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I wrote a program to solve Project Euler Problem #215 (see below for description) using memoization, and when I got access to the PE forums, I saw everyone else wrote programs that also used dynamic programming/memoization techniques.

However, from this stackoverflow answer, Dietrich Epp solved it in Haskell using a sparse matrix of NxN dimensions (an adjacency matrix) and then multiplied the matrix by a 1xN vector to arrive at the solution.

Quote from the poster Dietrich Epp:

You compute each possible way to tile a row. Let's say there are N ways to tile a row. Make an NxN matrix. Element i,j is 1 if row i can appear next to row j, 0 otherwise. Start with a vector containing N 1s. Multiply the matrix by the vector a number of times equal to the height of the wall minus 1, then sum the resulting vector.

How come the matrix x vector solution is viable for this problem, as in what property is it exploiting to solve the question?

Thanks in advance!

Problem Description

Consider the problem of building a wall out of 2x1 and 3x1 bricks (horizontal and vertical dimensions) such that, for extra strength, the gaps between horizontally-adjacent bricks never line up in consecutive layers, i.e. never form a "running crack".

For example, the following 9x3 wall is not acceptable due to the running crack shown in red:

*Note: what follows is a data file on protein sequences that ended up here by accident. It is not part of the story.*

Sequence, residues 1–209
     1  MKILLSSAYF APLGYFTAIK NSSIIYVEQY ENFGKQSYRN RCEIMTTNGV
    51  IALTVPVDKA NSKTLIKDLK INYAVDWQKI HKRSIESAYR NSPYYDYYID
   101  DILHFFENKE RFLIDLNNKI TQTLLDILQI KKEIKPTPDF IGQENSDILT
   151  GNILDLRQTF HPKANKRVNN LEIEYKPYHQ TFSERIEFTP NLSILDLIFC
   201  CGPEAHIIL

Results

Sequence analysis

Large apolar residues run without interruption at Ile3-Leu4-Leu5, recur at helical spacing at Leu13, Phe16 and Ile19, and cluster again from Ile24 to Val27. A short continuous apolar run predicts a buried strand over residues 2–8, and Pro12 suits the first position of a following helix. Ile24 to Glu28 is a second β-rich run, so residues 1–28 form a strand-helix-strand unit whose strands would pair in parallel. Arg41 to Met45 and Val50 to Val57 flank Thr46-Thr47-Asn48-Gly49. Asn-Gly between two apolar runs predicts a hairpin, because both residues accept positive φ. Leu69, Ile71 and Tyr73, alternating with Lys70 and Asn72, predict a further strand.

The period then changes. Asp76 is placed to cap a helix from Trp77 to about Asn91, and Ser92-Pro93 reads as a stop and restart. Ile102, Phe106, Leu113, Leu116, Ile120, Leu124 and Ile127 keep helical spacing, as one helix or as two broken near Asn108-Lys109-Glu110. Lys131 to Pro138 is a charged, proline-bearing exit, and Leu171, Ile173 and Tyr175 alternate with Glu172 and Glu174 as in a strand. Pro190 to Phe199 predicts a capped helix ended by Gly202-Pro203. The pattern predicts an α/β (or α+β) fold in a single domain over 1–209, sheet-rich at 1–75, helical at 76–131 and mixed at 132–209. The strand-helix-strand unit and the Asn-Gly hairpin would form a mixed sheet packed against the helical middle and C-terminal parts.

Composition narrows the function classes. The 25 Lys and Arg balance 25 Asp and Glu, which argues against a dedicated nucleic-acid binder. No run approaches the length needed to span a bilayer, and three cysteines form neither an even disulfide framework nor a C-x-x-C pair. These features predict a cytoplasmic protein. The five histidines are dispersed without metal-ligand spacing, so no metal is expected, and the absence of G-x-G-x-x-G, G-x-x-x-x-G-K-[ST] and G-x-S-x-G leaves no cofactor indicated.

PE 215 Crack-free wall

There are eight ways of forming a crack-free 93 wall, written W(9,3) = 8.

Calculate W(32,10).

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See my answer at stackoverflow.com: stackoverflow.com/questions/7788462/project-euler-215-in-java/… –  Thomas Andrews Oct 21 '11 at 3:14
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1 Answer

up vote 2 down vote accepted

This is a nice way of keeping track of the linked recurrence relations. The vector initially starts out with all $1$'s indicating there is one way to make a height $1$ wall with each type of layer on the bottom. After one multiplication by the matrix position $j$ in the vector is the number of ways to have a wall of height $2$ with the bottom layer of type $j$. Each successive multiply adds one layer because position $j$ will have the sum of all the other types of layer that can come above it. So after $n-1$ multiplies you have walls of height $n$. Then at the end you sum over all the types of bottom layer.

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Great, thanks for the explanation! –  birryree Oct 21 '11 at 0:46
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